NE Scotland, Orkney & Shetland

Aberdeen Royal Infirmary care to be reviewed

Aberdeen Royal Infirmary Image copyright Mike Pennington
Image caption The review will look at Aberdeen Royal Infirmary

An independent review of the quality of care at Aberdeen Royal Infirmary is to be carried out.

NHS Grampian said it had invited Healthcare Improvement Scotland (HIS) to carry out the "short review".

The move comes just days after a report highlighted accident and emergency consultants' concerns over staff shortages at the hospital.

The review will assess "leadership, culture, values and behaviours" which ensure "good quality healthcare".

It will also look to strengthen "engagement between clinicians and senior management".

A report on the findings of the review is expected to be published later in the year.

Last week, fears from accident and emergency consultants at Aberdeen Royal Infirmary that doctors would not be able to provide the "safe care" of patients because of staff shortages were revealed in a report.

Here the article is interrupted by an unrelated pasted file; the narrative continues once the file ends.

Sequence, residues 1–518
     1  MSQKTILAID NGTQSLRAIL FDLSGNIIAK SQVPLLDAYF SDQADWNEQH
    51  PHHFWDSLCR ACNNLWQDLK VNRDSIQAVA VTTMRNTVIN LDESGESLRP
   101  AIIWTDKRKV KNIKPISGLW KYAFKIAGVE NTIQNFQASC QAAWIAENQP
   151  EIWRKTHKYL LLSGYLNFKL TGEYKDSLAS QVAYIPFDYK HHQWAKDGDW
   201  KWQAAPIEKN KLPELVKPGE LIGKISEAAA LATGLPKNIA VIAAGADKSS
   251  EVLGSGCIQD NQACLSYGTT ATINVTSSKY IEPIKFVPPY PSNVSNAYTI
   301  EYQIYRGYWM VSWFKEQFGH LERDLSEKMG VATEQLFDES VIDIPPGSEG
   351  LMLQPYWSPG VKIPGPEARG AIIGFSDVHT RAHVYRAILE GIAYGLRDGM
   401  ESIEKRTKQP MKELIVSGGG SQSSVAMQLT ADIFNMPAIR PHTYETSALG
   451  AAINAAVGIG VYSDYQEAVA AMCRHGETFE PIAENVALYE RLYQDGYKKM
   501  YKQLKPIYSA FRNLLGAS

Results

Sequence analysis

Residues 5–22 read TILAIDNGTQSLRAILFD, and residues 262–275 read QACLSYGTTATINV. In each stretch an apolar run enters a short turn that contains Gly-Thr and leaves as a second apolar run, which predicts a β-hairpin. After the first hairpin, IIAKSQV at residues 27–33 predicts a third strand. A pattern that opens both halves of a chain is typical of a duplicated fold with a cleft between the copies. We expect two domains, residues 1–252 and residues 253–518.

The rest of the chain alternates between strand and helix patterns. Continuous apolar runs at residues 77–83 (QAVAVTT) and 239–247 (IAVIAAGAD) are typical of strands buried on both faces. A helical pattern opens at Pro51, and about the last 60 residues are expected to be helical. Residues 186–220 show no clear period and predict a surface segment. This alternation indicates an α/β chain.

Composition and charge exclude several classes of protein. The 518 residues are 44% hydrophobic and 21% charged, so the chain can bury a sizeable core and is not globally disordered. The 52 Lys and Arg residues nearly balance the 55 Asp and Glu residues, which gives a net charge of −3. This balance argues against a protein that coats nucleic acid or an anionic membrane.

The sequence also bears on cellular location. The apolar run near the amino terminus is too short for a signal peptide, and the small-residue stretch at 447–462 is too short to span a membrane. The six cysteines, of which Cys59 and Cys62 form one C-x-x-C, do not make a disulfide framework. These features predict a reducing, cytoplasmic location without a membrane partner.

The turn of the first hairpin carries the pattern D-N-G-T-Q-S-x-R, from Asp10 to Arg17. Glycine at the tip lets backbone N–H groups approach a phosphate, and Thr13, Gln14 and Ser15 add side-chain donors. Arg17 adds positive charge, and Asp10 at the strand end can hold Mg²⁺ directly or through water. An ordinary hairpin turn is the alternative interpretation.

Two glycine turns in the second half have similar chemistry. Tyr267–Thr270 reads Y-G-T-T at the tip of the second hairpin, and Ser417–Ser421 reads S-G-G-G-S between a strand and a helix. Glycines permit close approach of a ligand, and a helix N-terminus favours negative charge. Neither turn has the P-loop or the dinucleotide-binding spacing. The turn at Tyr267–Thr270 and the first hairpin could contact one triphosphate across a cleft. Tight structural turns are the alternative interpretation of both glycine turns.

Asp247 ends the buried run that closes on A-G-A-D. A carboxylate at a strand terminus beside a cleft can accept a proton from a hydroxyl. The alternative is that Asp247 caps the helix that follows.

A recruitment drive is ongoing as the number of "senior" A&E doctors could have dropped from 10 to two by August.

The report from consultants said they feared doctors being unable to resuscitate the most serious patients.

NHS Grampian chief executive Richard Carey said he welcomed the HIS review.

He said: "NHS Grampian is an open, transparent organisation.

"We recognise the importance of external scrutiny in helping us to identify the scope for further improvements."

Further improvements

Robbie Pearson, HIS director of scrutiny and assurance, said: "Having been invited to conduct this review we are aware that NHS Grampian recognise the importance of addressing any concerns rigorously.

"The review team will work conscientiously to identify the scope for further improvements, acknowledge good practice and enable NHS Grampian to improve services for the benefit of patients and the public.

"We will also work closely with NHS Grampian staff to ensure that any key issues identified are actioned quickly."

Prof Jason Leitch, clinical director of NHS Scotland, said: "This action clearly demonstrates the health board's commitment to providing the highest standards of patient care and supporting clinical staff."

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